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Here's me playing and improvising Silent Night on flugelhorn during a Christmas Eve service. Thanks for listening. 

https://youtu.be/cod8YXhv88o

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My pleasure.

Rodney Carlyle Money said:

And thank you for stopping by and listening!

Jim Tribble said:

Thank you for sharing.  Very nice.

Nice playing– I like upward movement at the end where you repeat the upward figure instead of going down to the tonic like the unaltered version would.  

It is all good! :)

Julie Harris said:

Ah, sounds like a much more enjoyable New Year's Eve.  I keep hoping someone will convince me of the beauty of the highland bagpipes, but so far no one has.  Enough said!

Rodney, sorry for going off in a different direction from your Silent Night treat.

Hi Dave these sound like Irish uilleann pipes.  Which can over blow and are one of the hardest and flexible pipes.  World wide there are around 40 different sorts.  One of my favourites is one of the Italian bagpipes.

https://www.youtube.com/watch?v=KAipLb11SCA

I am a bit of an instrument nut.  Sorry.

:)



Dave Dexter said:

If I may:



From one of my favourite scores, Braveheart. Maybe Ray can tell me if these are actual bagpipes, since I thought they worked differently and couldn't produce this kind of articulation.

Great story re the wedding, I would probably have handed back the money, tipped my hat and moved house. Nice solve though.

Julie Harris said:

 I keep hoping someone will convince me of the beauty of the highland bagpipes, but so far no one has. 

Cheers Dave.  Davie Spillane is one of the good ones. 

Dave Dexter said:

Aha. The name is familiar and the first hit on YT brings up this, which is exactly what I was looking for:



Don't apologise for being an instrument nut! There are few finer things to be.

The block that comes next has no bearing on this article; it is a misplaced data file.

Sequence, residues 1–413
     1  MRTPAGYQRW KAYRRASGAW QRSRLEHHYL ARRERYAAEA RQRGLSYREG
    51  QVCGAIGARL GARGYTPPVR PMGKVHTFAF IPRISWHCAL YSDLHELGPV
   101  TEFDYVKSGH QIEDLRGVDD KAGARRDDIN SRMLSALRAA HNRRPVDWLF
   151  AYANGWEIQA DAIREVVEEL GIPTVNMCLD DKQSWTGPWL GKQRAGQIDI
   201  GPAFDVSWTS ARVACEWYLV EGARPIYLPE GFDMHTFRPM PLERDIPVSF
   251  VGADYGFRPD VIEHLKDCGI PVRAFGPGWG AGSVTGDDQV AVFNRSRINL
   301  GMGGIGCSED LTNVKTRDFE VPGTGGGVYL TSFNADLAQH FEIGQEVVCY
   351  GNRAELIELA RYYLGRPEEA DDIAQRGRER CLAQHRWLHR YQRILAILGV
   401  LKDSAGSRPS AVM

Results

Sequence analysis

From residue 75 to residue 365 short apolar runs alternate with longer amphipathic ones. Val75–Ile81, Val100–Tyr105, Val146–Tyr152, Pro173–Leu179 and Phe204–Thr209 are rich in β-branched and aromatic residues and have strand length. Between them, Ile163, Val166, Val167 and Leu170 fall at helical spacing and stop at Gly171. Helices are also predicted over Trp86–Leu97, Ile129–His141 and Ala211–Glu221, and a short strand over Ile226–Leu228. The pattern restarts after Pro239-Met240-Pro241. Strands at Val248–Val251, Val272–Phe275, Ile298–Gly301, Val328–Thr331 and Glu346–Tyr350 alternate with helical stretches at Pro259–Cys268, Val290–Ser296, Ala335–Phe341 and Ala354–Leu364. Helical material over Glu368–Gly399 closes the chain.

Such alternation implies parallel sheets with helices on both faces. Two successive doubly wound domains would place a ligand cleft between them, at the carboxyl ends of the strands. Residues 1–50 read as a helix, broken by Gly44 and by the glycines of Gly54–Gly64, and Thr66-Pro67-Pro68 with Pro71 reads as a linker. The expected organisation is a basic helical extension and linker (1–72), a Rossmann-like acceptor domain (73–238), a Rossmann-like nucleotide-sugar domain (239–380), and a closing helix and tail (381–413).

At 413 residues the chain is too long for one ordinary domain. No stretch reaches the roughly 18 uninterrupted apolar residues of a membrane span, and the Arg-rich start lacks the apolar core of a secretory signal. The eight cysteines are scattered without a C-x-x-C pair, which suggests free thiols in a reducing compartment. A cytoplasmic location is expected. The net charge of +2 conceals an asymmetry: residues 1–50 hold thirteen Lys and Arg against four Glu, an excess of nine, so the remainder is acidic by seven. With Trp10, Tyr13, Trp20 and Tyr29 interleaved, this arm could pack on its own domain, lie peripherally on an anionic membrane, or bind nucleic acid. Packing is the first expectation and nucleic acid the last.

Jim Tribble said:

Hi Dave these sound like Irish uilleann pipes.  Which can over blow and are one of the hardest and flexible pipes.  World wide there are around 40 different sorts.  One of my favourites is one of the Italian bagpipes.

https://www.youtube.com/watch?v=KAipLb11SCA

I am a bit of an instrument nut.  Sorry.

:)

Appreciate it Lara! It was just one of those things I heard in my head and decided to add it.

Lara Poe said:

Nice playing– I like upward movement at the end where you repeat the upward figure instead of going down to the tonic like the unaltered version would.  

Sorry Dave, I forgot to answer your question concerning flugelhorn. A flugelhorn is completely conical bore like a horn, euphonium, or tuba, but in the key of Bb. It's almost like if you took a tuba and shrunk it down to the size of a trumpet. Normally my sound is a lot darker but that building is a very bright room for some odd reason. If I go into the choir room or just in the hallway my sound goes completely and immediately darker. 

 

Dave Dexter said:

I'd pay good money to watch a choir react to the notation "randomise velocity between 90 and 127 and smooth your attack curve"

I wonder if that organic characteristic of organs persisted because they're most often - I'd guess - paired with voice, which is easily tuned and so no changes were needed to the design. Or if you have the biggest single instrument in the world, and the one of the most mechanically complicated, these things just happen.

So is a flugelhorn like a trumpet crossed with a horn? Is that the best layman's description?

Writing for organ is another ambition (I've got a long list tbh) but I've never just found a local church and enquired of their organist. Seems the obvious first step.

Rodney Carlyle Money said:

Yes, the slight dissonance was definitely the natural rubato of the singers. We should try quantizing them next time, lol, just kidding. If you or anyone else here ever gets the pleasure of playing with a pipe organ you definitely have to tune down to them, constantly listening and adjusting.

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